I'm still surprised at the dearth of recommendations for American animation. Though I'll be the first to admit that the American animation industry has gone down the tubes in recent years, the history of classic animated films is paved with American works. Most of them are still well-remembered and Sam and Adam have likely seen them at one point or another, but whether this one falls under that category or not, one animated film that must be seen is:The Brave Little Toaster --
Today, animation fans laud The Iron Giant
for its character development, but in 1987 The Brave Little Toaster
had already bested it. Putting aside that Toaster
is one of the most gorgeous, most impressive works of animation ever created, it also features storyline and character development that went farther than viewers would have expected from an animated film and was all the more effective for it. After The Thief and the Cobbler
, this is the animated film that must be shown in Filmspotting 101's animation curriculum.
Don't get me wrong, though-- there are many great anime films available as well. Unfortunately I don't see most of the ones mentioned in this thread having much appeal to Sam and Adam (with the exception of Grave of the Fireflies, which I agree, is a must-see)-- how about instead we go with an anime that seems tailor made for Sam Hallgren:Hoshi no Koe: Voices of a Distant Star --
One man, a Mac, and incredible artistic talent; and a year later, we have Voices of a Distant Star
. At thirty minutes, it isn't particularly long, but is an incredibly poignant and beautifully done feature about a pair of lovers separated by the vast distance of space due to military service. Their only method of communication is to send emails back and forth-- emails which take increasingly longer to arrive as the two move further apart... until eventually, they take years to arrive. It's short, perhaps too short for Sam and Adam to spend a full episode on, but I cannot recommend any anime above this to the Filmspotting crew. I recommend watching it in the original Japanese, though.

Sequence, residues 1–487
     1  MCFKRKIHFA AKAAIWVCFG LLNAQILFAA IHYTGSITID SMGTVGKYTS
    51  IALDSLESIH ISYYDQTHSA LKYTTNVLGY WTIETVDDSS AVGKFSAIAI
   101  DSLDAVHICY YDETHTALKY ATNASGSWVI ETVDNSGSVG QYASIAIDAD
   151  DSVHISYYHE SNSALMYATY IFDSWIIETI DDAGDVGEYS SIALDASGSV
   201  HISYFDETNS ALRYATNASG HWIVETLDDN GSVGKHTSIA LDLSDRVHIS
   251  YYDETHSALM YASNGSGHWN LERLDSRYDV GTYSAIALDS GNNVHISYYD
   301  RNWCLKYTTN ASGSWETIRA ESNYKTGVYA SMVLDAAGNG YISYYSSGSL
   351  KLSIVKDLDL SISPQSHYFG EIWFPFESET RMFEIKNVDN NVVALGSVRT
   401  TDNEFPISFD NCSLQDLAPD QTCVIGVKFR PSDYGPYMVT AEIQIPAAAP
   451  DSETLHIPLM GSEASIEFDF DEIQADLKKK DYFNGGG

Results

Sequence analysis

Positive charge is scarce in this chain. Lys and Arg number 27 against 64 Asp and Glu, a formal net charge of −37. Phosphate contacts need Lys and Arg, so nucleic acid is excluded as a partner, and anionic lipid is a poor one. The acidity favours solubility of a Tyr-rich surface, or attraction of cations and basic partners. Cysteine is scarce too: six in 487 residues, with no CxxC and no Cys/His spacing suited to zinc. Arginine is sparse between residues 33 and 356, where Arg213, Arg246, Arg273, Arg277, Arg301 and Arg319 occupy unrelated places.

And from the mainstream category:Lilo and Stitch --
Disney responded to this film's critical acclaim and commercial success by firing nearly everyone that worked on it and shutting down the Florida studio where it was created. Watch this movie with that in mind to get an understanding of how far off track that company has gone. Despite Disney's continued whoring out of this franchise in the years since, Lilo and Stitch
is one of the best films Disney has produced in the past twenty years. Its use of watercolor combined with Chris Sanders's penchant for curved lines and distaste for corners results in a film that's more pleasing to the eye than almost anything else I could recommend, but it's also a good story in its own right, with the most interesting cast of characters in any Disney film since Beauty and the Beast
. (Though if you haven't seen Beauty and the Beast
, go see that film instead-- it may be my favorite Disney film.)
I'd have to recommend against the recommendation of Hertzfeldt's Rejected
from earlier in this thread. The sardonic will find it amusing, at least at first-- I certainly laughed at it a few times-- but overall it's crude, childish, and in my opinion, a waste of time. If you'd like to see it anyway, I'm sure it's up on YouTube somewhere.